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Philosophy of Law, Governance, and Politics: Topics


Admission requirements

Admission to one of the following programmes is required:

MA Philosophy 60 EC: specialisation Moral and Political Philosophy
MA Philosophy 120 EC: specialisation Philosophy of Law, Governance, and Politics


This year the course will address the question of political illegal dissent, discussing its definition as a political act, and its moral justifications as an expression of opposition and resistance, within and beyond borders.

During the course, we will try to answer the difficult question of what politics is and how disobedience could be a political tool to use to voice one’s complaint or to oppose the government in its decisions.

The major theories of political obligation/authority will be presented, but the course will mainly focus on civil disobedience as an illegal political act of participation.

We will discuss and question the traditional Rawlsian definition of civil disobedience by using contemporary essays criticizing his understanding of political dissent. In particular, we will question whether non-citizens can act politically, whether disobedience can be democracy-enhancing, whether violence is a morally acceptable way of participation, and focus on the scope of one’s political actions. The course will be an occasion to discuss the justificatory grounds of disobedience and the reasons to possibly support a duty to disobey in given circumstances, but to also question our responsibility as agents in the world, beyond the borders within which we act as citizens.

Course objectives

This course aims to provide students with the tools to understand what politics is and how to be political even when acting against the law.

The discussions we will have will give students a better understanding of:

  • the connection between law, governance and politics and help them question traditional definitions.

Students who successfully complete the course will be able to:

  • present their views in a critical manner both orally and in written form;

  • participate in contemporary debates about what counts as political, authority and disobedience;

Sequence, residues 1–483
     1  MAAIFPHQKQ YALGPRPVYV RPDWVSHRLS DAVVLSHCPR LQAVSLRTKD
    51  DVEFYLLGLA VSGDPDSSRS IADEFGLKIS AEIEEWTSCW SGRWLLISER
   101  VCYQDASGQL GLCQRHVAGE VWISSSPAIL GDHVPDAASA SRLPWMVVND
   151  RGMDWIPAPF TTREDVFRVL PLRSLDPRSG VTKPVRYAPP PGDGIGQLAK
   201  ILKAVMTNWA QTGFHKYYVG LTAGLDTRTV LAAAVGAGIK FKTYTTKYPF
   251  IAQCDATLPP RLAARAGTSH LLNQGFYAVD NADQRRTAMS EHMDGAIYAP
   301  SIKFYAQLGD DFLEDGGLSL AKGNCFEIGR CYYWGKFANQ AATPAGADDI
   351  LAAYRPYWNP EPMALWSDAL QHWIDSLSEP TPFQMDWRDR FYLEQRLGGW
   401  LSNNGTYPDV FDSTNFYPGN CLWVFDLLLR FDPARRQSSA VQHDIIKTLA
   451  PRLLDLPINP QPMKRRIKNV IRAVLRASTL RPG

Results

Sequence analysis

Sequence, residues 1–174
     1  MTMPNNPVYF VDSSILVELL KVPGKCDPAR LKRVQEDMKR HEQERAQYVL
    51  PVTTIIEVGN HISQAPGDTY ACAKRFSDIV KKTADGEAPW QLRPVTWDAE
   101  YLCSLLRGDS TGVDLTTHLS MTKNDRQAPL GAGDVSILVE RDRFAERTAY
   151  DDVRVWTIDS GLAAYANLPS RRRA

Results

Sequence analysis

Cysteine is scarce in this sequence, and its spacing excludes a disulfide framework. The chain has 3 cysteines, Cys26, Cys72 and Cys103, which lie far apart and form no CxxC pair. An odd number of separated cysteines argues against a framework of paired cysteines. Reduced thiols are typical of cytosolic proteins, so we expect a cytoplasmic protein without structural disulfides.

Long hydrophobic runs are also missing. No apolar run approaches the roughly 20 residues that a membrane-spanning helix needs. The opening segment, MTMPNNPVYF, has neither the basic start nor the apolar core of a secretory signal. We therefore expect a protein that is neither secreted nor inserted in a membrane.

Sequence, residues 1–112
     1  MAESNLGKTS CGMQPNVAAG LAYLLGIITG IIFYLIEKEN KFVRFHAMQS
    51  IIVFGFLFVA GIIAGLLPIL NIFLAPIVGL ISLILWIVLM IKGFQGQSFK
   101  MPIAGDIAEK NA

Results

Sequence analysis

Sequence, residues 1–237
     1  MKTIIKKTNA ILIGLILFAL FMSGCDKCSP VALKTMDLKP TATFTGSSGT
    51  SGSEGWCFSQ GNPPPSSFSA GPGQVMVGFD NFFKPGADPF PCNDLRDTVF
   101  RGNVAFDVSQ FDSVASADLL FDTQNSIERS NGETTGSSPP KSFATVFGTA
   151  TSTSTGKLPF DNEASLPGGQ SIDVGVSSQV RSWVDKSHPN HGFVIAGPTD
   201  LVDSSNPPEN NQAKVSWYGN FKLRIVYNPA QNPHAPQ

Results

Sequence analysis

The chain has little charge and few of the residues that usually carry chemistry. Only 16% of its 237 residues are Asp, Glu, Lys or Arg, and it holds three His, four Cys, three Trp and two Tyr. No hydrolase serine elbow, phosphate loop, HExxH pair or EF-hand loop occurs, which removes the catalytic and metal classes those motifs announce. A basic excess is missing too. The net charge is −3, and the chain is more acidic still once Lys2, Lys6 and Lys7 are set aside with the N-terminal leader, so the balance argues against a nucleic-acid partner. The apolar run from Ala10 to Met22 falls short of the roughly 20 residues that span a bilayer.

• formulate critical questions;

  • recognize the main ideas of the theories of authority;

  • apply the ideas discussed in class to contemporary cases.


The timetables are available through MyTimetable.

Mode of instruction

  • Seminar

Class attendance is required.

Assessment method


  • Presentation (20%)

  • Debate** (20%)

  • Final Paper of about 3500 words (60%)

** On the first day of class we will choose the topic to be discussed during the debate. The grade will result from two parts: Students will be graded as a team and individually.


The final mark for the course is established by determination of the weighted average of several subtests (see above).


If the final mark is below sufficient, there is the possibility to re-write a paper. The new grade will replace the previous one for the final paper and so change the final mark. Only students who do participate in class can ask for rewriting their paper.

Students who have obtained a satisfactory overall grade for cannot ask to re-write their paper.

Inspection and feedback

Everyone will receive written feedback on their presentations and end-of-term paper via e-mail. As for the debate, students will receive their feedback and grade within one week via email. Paper-proposals are discussed in person by appointment. It is always possible to request extra feedback on any (part) of the assignments by making an appointment.

Reading list

To be announced on Brightspace.


Enrolment through MyStudyMap is mandatory.
General information about course and exam enrolment is available on the website


  • For substantive questions, contact the lecturer listed in the information bar at the right hand side of the page.

  • For questions about enrolment, admission, etc., contact the Education Administration Office Huizinga


Not applicable.